Southwest Center: JIMO at the University of California was supported to provide satellite data processing; research vessel for "Egg and larval fish production from marine ecological reserves" cruise; genetic population structure of central California coastal Salmonid populations; cooperative studies of Pacific Coast salmon; ocean and esturarine physiological ecology of salmon.
JIMAR at the University of Hawaii was supported to provide pelagic fisheries visiting scientists program; tropic ecology and structured-associated aggregation behavior in Bigeye and Yellowfin Tuna in Hawaii-based commercial longline fishery; distribution, histories,andrecent catch trends with six fish taxa taken as inci dental catch by the Hawaii-based commercial longline fishery; recreational fisheries meta data preliminary steps; development of oceanographic atlases for Pelagic and insular fisheries and resource management of the pacific basin; pop-Off satellite archival tags to chronicle the survival and movements of blue sharks following release from longline gear; developing biochemical and physiological predictors of long term survival in released blue shark; survivorship, migration, and diving patterns of sea turtles released from commercial longline gear determined with pop-up satellite archival transmitters; pelagic fisheries research program management; pelagic fisheries research management-modeling and tag design; and Hawaii regional tuna tagging project.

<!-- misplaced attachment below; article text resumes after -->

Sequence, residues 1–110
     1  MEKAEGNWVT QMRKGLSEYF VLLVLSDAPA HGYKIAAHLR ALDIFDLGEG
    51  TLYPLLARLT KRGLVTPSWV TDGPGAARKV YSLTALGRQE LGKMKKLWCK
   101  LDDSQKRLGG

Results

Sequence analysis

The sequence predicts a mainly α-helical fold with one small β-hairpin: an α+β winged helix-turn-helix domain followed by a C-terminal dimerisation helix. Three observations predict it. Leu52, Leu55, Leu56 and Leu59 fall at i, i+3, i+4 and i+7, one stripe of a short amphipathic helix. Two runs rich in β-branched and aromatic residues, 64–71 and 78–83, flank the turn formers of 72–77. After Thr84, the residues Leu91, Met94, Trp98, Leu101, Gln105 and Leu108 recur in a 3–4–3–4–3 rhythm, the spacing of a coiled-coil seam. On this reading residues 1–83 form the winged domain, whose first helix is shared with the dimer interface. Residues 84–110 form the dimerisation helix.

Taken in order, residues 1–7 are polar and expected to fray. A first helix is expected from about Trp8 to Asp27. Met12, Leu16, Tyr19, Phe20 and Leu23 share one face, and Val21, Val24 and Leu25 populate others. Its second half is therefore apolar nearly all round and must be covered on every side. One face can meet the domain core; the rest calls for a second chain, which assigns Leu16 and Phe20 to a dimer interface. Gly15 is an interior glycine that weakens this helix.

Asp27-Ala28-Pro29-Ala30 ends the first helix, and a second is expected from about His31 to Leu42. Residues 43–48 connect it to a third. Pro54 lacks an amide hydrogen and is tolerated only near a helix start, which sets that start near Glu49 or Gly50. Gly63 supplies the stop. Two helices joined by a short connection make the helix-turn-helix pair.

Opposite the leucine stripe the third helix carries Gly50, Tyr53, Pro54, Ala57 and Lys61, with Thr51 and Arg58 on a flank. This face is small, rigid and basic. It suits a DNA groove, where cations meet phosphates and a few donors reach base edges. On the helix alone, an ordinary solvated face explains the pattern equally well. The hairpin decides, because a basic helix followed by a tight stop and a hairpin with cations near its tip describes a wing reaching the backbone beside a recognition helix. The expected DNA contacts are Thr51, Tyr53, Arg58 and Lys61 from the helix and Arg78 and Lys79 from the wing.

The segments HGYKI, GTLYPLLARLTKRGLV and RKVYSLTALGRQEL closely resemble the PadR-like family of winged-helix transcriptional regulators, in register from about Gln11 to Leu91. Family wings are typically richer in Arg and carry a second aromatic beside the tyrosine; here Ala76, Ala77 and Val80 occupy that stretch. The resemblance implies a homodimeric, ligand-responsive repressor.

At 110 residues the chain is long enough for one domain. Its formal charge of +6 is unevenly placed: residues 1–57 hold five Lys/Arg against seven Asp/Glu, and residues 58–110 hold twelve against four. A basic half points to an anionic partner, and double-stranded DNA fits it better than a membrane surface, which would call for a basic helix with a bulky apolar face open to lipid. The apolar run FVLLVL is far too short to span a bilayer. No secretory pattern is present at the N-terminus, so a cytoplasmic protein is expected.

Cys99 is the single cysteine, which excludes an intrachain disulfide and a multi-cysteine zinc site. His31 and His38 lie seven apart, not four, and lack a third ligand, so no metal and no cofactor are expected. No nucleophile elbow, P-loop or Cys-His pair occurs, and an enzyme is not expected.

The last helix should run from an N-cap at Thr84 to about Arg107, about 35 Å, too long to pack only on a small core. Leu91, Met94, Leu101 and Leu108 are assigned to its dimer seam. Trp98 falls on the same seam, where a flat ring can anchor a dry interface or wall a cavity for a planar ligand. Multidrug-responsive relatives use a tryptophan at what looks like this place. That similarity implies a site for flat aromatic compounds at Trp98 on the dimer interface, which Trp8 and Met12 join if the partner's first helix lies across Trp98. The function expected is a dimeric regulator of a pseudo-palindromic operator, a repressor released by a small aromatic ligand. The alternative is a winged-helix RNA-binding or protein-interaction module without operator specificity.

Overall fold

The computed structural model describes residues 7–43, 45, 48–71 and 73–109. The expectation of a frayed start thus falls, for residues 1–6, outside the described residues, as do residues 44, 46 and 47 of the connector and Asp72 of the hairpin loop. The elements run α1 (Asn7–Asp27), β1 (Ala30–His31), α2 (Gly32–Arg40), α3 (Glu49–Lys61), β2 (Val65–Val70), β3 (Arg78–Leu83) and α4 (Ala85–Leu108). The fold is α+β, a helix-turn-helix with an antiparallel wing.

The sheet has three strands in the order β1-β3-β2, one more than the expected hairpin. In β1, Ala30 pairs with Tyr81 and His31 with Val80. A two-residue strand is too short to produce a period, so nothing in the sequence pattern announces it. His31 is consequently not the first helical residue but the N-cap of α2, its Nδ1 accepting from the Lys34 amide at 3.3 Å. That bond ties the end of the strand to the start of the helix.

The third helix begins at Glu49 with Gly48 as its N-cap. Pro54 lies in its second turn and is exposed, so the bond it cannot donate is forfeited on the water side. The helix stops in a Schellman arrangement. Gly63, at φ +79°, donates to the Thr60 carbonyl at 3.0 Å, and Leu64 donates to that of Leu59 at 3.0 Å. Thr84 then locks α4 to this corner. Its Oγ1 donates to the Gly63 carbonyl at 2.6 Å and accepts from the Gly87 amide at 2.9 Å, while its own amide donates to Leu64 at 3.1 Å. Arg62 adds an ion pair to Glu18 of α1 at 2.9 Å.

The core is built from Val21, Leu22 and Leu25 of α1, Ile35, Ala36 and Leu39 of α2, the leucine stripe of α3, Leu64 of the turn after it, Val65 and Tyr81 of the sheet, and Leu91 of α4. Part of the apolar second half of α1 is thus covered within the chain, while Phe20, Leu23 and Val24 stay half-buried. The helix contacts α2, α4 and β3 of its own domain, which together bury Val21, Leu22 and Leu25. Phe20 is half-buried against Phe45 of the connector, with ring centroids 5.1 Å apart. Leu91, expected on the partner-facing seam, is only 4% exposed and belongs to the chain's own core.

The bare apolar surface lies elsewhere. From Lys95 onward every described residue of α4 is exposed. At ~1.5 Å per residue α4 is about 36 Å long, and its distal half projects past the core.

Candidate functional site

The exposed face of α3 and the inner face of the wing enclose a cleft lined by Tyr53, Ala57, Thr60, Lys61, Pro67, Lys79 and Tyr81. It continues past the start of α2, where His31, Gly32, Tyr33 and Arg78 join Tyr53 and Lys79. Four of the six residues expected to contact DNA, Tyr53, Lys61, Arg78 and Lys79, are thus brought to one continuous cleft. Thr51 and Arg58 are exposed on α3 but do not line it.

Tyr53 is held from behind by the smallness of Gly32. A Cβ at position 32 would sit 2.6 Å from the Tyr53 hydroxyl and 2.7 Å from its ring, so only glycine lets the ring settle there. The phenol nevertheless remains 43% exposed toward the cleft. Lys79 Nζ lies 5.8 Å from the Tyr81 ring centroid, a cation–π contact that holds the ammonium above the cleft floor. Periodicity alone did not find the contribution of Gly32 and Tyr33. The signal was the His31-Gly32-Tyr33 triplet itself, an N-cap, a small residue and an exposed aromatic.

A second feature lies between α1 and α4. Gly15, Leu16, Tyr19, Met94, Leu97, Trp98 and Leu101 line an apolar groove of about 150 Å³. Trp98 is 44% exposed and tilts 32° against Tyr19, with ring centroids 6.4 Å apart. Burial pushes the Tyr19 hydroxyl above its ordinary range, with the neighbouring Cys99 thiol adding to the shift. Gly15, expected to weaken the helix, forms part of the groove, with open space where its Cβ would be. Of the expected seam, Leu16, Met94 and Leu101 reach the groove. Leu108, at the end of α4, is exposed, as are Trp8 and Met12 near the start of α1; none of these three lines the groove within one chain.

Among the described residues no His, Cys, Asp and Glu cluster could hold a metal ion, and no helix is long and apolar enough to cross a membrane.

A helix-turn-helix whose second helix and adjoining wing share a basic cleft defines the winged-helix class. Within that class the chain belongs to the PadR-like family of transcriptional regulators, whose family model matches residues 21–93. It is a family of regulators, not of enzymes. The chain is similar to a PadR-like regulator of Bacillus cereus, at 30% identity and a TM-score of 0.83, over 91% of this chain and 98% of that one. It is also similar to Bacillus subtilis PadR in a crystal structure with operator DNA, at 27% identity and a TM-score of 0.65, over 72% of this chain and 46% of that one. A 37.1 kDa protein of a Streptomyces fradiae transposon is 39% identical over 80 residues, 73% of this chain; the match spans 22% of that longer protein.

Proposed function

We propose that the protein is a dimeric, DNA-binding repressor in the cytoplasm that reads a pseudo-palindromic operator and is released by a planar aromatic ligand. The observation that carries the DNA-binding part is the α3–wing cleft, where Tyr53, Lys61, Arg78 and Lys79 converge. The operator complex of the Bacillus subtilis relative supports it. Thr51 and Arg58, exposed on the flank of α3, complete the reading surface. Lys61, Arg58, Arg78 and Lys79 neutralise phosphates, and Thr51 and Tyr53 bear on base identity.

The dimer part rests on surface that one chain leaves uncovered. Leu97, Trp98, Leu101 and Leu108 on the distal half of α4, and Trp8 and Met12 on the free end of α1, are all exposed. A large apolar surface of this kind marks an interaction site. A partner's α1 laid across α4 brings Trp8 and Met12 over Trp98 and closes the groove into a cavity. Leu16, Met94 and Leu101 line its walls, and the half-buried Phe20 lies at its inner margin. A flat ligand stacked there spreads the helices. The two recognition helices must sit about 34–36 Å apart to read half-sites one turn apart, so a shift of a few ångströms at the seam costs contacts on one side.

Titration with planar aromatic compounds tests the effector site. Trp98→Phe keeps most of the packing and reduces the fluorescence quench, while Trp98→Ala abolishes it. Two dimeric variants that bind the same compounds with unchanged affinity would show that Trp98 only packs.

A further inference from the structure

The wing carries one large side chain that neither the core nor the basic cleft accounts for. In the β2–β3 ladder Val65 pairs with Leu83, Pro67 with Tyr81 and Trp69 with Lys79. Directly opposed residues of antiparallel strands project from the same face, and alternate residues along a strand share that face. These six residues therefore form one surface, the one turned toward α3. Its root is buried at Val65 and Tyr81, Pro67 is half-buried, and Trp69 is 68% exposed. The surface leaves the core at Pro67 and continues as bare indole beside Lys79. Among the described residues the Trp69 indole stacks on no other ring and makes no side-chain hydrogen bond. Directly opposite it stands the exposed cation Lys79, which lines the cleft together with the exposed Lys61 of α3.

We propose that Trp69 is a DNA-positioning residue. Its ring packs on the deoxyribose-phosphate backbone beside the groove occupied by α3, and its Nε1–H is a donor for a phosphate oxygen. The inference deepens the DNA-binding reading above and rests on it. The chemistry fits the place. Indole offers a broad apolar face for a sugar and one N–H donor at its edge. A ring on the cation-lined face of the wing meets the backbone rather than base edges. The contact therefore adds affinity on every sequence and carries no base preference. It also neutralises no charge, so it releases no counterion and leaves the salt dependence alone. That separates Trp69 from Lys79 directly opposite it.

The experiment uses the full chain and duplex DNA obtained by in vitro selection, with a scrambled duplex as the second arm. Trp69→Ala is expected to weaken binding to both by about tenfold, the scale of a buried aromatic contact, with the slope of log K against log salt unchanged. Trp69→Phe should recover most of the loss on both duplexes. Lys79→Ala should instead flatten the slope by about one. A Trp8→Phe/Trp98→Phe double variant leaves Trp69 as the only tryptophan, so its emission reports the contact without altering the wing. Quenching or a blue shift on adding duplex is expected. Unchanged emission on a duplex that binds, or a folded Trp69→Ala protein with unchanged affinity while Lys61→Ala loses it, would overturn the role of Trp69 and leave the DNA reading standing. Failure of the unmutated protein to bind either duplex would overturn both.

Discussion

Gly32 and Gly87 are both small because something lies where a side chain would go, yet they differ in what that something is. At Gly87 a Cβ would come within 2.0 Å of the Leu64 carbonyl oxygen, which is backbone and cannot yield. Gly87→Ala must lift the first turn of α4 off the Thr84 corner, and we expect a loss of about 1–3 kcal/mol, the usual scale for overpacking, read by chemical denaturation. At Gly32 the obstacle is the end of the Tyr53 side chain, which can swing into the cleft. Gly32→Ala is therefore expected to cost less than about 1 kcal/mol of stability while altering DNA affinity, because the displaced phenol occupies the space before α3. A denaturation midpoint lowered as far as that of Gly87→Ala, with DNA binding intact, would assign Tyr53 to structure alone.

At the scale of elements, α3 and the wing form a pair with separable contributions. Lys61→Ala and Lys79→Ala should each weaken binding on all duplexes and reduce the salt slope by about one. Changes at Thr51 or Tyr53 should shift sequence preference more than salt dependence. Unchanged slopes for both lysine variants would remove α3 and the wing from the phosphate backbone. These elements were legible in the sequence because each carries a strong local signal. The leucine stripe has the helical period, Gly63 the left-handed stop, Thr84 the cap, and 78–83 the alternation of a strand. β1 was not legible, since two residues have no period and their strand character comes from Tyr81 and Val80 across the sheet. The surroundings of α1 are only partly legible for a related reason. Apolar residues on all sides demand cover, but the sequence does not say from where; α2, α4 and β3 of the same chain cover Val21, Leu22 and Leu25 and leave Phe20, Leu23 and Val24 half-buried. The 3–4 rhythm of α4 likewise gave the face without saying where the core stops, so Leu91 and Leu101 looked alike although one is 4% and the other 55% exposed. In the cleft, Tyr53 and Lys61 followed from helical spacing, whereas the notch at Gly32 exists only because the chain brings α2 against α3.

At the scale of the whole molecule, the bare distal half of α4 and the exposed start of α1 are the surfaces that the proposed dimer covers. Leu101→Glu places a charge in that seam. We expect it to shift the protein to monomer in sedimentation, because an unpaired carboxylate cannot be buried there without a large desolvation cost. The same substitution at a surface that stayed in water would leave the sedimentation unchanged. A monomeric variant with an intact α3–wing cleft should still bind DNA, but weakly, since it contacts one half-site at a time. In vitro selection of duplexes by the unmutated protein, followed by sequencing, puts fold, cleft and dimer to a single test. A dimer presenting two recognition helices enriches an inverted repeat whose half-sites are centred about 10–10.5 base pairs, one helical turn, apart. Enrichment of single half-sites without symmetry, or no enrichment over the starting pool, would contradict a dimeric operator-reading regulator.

The Department of Commerce fosters and promotes the nation's economic development and technological advancement through vigilance in international trade policy, domestic business policy and growth, and promoting economic progress at all levels.
Alaska Center: Through support of JISAO work was carried out on an atlas of the occurrence and distribution of eggs and larvae of north Pacific fishes sampled during fisheries oceanography cruises; study of biological and physical factors affecting survival of walleye pollock eggs and larvae in the Gulf of Alaska and their recruitment to the commercially fished population; groundfish stomachs were read to determine the importance of different Bering Sea and Gulf of Alaska prey species; research cruises were conducted to place and recover Atka mackerel tags; and a research cruise was conducted to determine the effects of fishing on the distribution of pollock. Northeast Center: Cooperative programs with universities were supported, primarily for training graduate students: University of Massachusetts, Rutgers University, Virginia Institute of Marie Science and the University of Rhode Island. Northwest Center: Undergraduate and graduate internships; Salmon survival and life-stages research: disease and anthropogenic factors, estuarine influences, ocean ecology, predation, and genetics; Ground fish research: stock assessment and habitat Southeast Center: Coastal fisheries habitat management research. Southwest Center: Grants were awarded to the University of Hawaii and the University of California to support undergraduate and graduate student research, support of educational programs in fisheries research, marine satellite data processing and research vessel support. Cooperative research studies are between NMFS/JIMAR and JIMO. Research on highly migratory fish species in the Atlantic.